So it’s farewell to snowdrops, winter aconites, and crocus. Now we welcome coltsfoot, lesser celandine and butterbur to the floral stage. All have an appeal for pollinators, and deserve a very warm welcome.
Coltsfoot can be mistaken for a dandelion at first glance. But look closely and you will see differences. The coltsfoot’s stem is a give-away; it is like a close up view of fish-scales. In Sweden the plant was known as Hästhov (horse hoof), reflecting the shape of the scales. Leaves come later, and initially the bright daisy-like yellow flowers lure early pollinators including queen bumble bees and a variety of flies.
Named Tusilago or fárfara, in Spanish coltsfoot also had the equivalent popular name of ‘pie de caballo’ or ‘uña de caballo’, which means ‘horse hoof’ or ‘horse nail’ – there seems to be similar folklore names in other parts of Europe (the Portuguese equivalents are arguably more fun and go along the lines of ‘mule hoof’ or ‘donkey hoof’).
Like many plants, coltsfoot was used as an early medicine. You might have thought those scaly stems would have put folk off. However, it was reckoned to be a cure for colds, coughs and sore throats. But eating any part of this plant causes an array of illnesses, including liver damage.
The coltsfoot was also viewed at one time as a substitute for tobacco, and smoked! This strikes me as likely to have simply made it even more useful as a cough remedy, a vicious circle perhaps! In some quarters the sight of coltsfoot apparently indicated that somewhere, somebody was about to experience justice being done.
If dandelion and coltsfoot are often confused, the same can perhaps be said of winter aconite and lesser celandine. The yellow flowers of the latter are associated with the confirmation that spring is truly here. The glossy petals are vivid yellow in the centre but often fade to near white at the tips. The distinctive heart shaped leaves are perhaps the most reliable sign of this plant. Lesser celandine is widespread, being found in woods, on roadsides, beneath hedges and along river banks. The petals, and there are usually nine, remind many of buttercups and are noticeably pointy.
Flies as well as bees pollinate these flowers. There are ancient tales of the plants being crushed and applied to bleeding wounds. Others refer to it by the name of pilewort and as you might suspect it was used to tackle haemorrhoids. Remains of the plant have shown up in the Mesolithic middens on Oronsay. In pre-war Germany it was grown to feed livestock, such were the prices for conventional foodstuffs.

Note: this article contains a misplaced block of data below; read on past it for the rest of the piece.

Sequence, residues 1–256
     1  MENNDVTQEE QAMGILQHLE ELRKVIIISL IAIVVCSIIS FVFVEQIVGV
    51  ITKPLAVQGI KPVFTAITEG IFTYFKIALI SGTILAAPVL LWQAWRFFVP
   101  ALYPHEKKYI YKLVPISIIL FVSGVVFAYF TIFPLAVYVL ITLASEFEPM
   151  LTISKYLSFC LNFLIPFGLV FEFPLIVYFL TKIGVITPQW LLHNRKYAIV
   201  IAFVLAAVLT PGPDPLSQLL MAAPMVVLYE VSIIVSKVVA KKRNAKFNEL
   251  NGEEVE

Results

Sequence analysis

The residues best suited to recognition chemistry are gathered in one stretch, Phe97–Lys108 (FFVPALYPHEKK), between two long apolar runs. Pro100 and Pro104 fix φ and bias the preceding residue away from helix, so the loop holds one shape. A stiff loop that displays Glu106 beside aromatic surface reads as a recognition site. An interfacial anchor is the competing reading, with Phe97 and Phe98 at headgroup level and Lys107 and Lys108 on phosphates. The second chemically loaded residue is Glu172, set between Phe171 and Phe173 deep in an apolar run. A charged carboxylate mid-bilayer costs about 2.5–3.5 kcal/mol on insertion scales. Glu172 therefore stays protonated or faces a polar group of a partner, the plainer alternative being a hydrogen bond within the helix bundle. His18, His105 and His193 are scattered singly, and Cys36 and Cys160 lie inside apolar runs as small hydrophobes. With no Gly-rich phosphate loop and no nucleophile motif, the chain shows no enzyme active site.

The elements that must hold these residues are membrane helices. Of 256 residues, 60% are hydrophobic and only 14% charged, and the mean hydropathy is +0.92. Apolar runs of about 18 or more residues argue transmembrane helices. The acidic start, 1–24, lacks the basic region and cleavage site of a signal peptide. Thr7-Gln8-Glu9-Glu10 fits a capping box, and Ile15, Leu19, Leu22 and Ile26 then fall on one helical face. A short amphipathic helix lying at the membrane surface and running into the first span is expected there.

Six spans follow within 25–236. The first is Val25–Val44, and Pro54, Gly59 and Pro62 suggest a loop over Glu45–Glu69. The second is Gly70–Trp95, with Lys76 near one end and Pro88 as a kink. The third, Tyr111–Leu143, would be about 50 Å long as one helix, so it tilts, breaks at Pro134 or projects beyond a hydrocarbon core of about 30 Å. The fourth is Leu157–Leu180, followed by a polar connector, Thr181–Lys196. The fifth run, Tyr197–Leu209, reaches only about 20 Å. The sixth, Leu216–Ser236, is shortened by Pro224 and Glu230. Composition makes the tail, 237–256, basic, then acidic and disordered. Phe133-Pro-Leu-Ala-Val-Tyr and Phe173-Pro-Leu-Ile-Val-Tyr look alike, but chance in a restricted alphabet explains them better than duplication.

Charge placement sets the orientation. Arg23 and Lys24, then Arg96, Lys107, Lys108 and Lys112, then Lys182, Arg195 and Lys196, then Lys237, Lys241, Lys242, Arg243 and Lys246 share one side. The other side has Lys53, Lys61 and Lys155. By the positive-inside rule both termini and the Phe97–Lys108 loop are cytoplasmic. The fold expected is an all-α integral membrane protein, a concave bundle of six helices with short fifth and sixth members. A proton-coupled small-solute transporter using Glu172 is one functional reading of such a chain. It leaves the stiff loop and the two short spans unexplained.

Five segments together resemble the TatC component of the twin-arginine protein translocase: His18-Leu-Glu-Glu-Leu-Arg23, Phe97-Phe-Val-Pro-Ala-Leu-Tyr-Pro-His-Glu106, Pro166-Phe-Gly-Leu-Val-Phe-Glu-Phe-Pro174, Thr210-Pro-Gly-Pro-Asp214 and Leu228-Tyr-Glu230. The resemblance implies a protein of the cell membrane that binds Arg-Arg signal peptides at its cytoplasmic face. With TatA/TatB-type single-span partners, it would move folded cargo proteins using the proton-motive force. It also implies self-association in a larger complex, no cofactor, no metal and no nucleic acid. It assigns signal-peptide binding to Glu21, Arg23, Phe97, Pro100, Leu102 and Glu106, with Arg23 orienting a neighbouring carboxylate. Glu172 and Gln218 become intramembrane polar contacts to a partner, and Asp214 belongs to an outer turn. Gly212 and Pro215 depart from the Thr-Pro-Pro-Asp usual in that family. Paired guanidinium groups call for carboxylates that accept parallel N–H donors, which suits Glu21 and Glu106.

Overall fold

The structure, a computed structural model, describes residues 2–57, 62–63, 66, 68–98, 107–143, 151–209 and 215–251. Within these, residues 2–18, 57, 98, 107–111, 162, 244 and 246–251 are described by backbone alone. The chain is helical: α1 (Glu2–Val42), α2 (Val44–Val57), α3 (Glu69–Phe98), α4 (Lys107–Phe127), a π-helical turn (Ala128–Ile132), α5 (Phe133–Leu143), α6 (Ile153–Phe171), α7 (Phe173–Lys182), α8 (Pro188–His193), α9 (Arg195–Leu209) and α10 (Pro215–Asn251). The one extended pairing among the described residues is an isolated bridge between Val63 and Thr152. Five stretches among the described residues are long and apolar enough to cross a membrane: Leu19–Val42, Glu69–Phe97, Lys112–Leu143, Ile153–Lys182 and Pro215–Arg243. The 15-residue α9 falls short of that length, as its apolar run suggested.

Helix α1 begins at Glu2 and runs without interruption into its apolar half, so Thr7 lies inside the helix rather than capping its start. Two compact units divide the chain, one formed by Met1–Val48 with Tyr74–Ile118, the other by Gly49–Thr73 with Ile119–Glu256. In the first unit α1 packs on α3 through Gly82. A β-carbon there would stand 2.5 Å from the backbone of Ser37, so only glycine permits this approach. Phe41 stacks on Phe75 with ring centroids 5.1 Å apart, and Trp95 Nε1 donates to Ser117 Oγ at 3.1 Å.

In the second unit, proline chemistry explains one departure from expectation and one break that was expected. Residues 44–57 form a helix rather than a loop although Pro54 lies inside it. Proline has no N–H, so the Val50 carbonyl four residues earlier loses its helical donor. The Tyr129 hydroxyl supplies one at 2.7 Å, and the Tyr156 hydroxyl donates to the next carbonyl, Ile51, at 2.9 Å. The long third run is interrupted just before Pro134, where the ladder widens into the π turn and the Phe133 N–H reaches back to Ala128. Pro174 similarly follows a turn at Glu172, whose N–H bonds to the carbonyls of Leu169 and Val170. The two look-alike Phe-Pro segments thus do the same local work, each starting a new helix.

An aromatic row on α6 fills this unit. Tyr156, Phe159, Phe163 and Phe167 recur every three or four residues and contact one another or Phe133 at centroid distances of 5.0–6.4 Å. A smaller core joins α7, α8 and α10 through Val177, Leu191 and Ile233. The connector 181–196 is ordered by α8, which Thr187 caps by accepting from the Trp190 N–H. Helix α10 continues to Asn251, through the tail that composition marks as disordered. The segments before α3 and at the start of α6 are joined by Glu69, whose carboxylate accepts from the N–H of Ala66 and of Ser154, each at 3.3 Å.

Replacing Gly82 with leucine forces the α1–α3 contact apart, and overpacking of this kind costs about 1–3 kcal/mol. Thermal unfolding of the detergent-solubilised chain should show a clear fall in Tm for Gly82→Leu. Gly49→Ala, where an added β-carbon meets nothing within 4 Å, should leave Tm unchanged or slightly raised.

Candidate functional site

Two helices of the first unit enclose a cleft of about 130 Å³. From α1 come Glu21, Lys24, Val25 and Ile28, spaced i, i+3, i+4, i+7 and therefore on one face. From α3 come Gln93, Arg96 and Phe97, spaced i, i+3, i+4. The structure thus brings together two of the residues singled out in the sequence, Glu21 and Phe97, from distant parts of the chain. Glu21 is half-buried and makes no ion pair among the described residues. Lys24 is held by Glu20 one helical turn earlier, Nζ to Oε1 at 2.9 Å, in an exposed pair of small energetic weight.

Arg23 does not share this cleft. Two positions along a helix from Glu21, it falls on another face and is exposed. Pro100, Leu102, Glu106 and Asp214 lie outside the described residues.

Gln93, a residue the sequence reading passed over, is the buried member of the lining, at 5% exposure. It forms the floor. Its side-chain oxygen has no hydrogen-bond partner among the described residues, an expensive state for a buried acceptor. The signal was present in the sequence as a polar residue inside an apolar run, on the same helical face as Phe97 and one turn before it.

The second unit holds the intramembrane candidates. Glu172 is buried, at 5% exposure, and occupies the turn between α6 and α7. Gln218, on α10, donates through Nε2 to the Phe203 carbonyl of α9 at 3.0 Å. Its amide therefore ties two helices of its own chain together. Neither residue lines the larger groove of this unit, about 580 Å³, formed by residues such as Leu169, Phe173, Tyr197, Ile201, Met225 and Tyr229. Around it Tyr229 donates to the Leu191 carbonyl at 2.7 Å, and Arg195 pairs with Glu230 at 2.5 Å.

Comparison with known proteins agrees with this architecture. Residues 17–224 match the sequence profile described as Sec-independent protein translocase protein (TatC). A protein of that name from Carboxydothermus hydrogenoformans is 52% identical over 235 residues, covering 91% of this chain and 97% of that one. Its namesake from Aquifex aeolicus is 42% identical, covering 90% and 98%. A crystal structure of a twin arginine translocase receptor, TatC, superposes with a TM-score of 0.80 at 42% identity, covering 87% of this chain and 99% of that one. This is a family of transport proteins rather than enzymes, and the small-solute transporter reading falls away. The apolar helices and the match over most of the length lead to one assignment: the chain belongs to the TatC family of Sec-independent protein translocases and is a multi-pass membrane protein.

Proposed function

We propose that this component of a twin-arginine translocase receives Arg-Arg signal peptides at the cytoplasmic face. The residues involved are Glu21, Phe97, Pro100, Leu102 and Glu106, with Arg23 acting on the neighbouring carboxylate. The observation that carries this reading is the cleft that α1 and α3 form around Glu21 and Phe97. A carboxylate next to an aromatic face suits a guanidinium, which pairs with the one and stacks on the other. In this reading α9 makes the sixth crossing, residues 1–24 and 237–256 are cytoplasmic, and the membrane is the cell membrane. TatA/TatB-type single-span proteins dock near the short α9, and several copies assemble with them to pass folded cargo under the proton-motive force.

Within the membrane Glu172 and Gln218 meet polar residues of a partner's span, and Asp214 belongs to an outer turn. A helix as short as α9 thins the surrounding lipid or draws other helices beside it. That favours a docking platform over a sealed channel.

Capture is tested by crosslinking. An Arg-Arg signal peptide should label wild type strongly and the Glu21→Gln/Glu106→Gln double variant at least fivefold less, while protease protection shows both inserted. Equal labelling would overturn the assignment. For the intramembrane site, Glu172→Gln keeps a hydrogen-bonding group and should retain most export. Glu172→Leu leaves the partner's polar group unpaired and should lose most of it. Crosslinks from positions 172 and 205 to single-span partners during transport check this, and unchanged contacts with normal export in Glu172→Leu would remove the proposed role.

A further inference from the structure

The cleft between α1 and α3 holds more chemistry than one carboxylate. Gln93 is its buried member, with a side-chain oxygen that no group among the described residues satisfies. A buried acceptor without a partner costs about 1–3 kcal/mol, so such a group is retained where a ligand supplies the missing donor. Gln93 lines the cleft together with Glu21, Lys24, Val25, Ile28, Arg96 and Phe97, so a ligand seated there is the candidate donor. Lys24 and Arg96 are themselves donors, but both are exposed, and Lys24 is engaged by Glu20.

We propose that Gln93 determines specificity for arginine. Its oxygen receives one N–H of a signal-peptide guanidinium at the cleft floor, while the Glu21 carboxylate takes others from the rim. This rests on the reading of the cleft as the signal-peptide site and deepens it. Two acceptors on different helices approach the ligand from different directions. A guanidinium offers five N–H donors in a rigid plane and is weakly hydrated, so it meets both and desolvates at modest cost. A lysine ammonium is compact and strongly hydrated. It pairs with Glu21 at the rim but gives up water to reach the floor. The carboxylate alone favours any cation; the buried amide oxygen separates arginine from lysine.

Finally, to the delightfully named butterbur . This rather striking plant grows in clusters, and there are several near our Battleby office just north of Perth. The star-shaped flowers sit at the end of comparatively thin stalks. The leaves eventually become so big that they were once used in some parts to wrap butter.
The plant has an interesting male-female divide and which might even be related to how our ancestors actively looked after honey bees. Further information on the butterbur species can be found in ….was the feature of a NatureScot (then Scottish Natural Heritage) blog. This is the explanation behind the peculiar distribution … “One of the most fascinating things about the butterbur is the odd distribution of the male and female plants. For some reason male plants have a wider distribution, with almost all butterbur in the south of England being male. How could that be? The answer could be that male plants produce both nectar and pollen at a time of year when few native species are flowering. There is a suggestion that in the past the male plants were deliberately moved about as a source of food for honey bees during the early spring. We might buy our sugar from shops, but in the past honey was highly valued and used for sweetening so planting butterbur to help the bees is a plausible explanation.”
The star-shaped flowers sit at the end of comparatively thin stalks. The leaves start as delicate under-stated heart-shaped elements, but eventually become so big that they were used in some parts to wrap butter.
The non-native, and often invasive, white butterbur is more abundant at this time of year, particularly beside rivers. It has a couple of interesting names in Gaelic – gallan mòr is the more common of the two and means ‘big stalk’, the other is puball beannach meaning ‘peaked tent’. The Spanish name most commonly used for butterbur is Petasita from Petasites hybridus. Petasites is the generic name derived from the Greek ‘petasos’ meaning “wide brim hat”, in recognition of the large leaves of the plant.
These plants aren’t what you would classify as garden plants. But at this time of year they do add a lovely blast of colour on rivers, verges and margins.